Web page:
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ATHENA written by Gracie Gardner | Review

High school fencing as a setting for a play: I’ll be honest, I was sceptical. I was wrong. Athena is exhilarating theatre at its very best.

Athena - Photo by Ali Wright.Athena (Millicent Wong) – her ‘fencing name’; it adds to her mystique – has just beaten Mary Wallace (Grace Saif), acquiring her number fifty-four seeding, presumably in the New York Junior Women’s Épée League, and Mary Wallace isn’t taking it well. But brash, speak-her-mind Athena sees the opportunity, and invites her well-matched opponent to become her training partner on a permanent basis. With some persuasion, Mary Wallace agrees, and the action follows their verbal and physical sparring on and off the piste.

Ursula K Le Guin said that ‘the artist deals in what cannot be said in words.’ It’s tempting to suggest that writer Gracie Gardner is expressing in fencing what cannot be said in words. But, on closer inspection of her zinger-packed script, it’s clear the opposite is true: the play is a fencing match, constructed out of words. We see Generation Z at its fiery and feistiest, the characters’ focus darting from home-life (they have very different family experiences) to fashion (it’s ‘like an arms race’) to why they’ve taken up a five-hundred-year-old sport anyway (here they agree: it’s all about getting university scholarships).

The cut and thrust of what is both one extended conversation and months in the lives of a pair getting to know each other in a most intimate way is so elegantly woven with (convincing!) stage-fighting that I can barely blink. We rush headlong from one laugh to the next, but there is a feeling in my gut that the physical pain inflicted by Athena’s signature move is the least of the impacts these two will have upon one another.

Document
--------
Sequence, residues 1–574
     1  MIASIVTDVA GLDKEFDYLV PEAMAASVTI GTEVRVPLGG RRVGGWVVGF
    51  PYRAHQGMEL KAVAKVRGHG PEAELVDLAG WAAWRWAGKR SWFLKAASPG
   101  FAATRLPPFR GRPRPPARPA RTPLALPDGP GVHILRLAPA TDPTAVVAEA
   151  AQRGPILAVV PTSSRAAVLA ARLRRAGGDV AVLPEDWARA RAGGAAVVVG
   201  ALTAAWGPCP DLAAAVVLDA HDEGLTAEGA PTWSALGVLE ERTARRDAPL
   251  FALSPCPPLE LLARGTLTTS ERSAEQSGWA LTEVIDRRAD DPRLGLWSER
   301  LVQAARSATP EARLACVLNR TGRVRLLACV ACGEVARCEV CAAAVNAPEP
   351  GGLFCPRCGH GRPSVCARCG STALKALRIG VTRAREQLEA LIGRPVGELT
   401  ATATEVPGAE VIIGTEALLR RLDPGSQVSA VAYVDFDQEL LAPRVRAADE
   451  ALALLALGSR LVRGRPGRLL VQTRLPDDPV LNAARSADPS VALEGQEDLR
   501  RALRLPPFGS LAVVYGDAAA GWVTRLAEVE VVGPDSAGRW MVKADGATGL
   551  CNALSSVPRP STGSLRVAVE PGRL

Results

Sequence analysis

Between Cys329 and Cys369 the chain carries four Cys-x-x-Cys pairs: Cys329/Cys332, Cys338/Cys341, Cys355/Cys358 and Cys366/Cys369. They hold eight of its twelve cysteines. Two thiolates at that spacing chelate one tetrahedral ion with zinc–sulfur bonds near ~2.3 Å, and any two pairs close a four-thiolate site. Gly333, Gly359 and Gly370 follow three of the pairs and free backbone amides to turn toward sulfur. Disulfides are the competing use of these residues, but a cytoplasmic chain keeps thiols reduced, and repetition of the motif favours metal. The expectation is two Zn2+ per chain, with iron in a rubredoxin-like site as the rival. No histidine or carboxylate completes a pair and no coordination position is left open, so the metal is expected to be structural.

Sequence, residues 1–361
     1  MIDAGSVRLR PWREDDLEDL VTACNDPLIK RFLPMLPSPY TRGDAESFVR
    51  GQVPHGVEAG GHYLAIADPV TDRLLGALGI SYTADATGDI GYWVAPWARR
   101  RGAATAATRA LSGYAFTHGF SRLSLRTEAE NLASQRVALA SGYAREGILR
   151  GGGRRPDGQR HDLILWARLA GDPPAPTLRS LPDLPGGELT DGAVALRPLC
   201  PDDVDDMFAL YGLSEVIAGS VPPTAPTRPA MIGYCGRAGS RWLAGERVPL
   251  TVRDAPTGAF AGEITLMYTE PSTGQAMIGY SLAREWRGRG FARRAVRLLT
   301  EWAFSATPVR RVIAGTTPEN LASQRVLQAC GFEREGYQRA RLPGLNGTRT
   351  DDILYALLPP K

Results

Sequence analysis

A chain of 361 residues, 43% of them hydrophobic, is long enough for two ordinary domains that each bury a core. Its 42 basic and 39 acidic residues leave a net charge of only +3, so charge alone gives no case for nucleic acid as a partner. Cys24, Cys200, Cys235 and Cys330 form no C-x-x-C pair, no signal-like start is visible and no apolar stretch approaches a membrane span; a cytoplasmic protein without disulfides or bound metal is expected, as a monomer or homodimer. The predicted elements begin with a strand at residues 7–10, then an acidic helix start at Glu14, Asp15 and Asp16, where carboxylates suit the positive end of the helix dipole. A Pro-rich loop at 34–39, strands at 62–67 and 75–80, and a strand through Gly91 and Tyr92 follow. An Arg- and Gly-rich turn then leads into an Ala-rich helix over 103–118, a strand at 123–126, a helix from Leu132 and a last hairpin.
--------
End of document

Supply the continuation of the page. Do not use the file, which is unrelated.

Mention has to go to Esther Kehinde Ajayi, whose composition and sound design punctuates the breathless action and dialogue with the actual sound of distinctly female inhalations. It is haunting and arresting, hinting that we shouldn’t dare consider what is going unspoken. Likewise, Ingrid Hu and Marty Langthorne conjure a fencing club, a teenage bedroom, a nightclub with lighting alone. No set changes here: only speed-of-light transformations from there to here, keeping up with the velocity of the swinging blade.

For all the quickness, these young women grow up in front of our eyes, and when they check the straps of one another’s visors, it is an act of compassionate, mature tenderness. I’m left feeling that this – this – is what theatre can do, what it is for. In Grace Gummer’s subtle grasp on the words, every beat landing an impact, we see what a director and her choices can do.

God, it’s good to be back in a theatre, back at The Yard, and yet, at once, in a New York City fencing club, watching two women do battle with each other, but mostly with the world.

5 Star Rating

Review by Ben Ross

Following an acclaimed extended run in New York, ATHENA is a fierce coming of age comedy. Set in a New York City fencing club, warriors Athena and Mary Wallace are training for the Junior Olympics. They practice together. They compete against each other. They spend their lives together. They wish they were friends.

Written by Gracie Gardner and directed by Grace Gummer.

Athena – Millicent Wong
Mary Wallace – Grace Saif
Jamie – Amaia Aguinaga

4-23 October, 8pm
The Yard Theatre
Unit 2a Queen’s Yard, London E9 5EN


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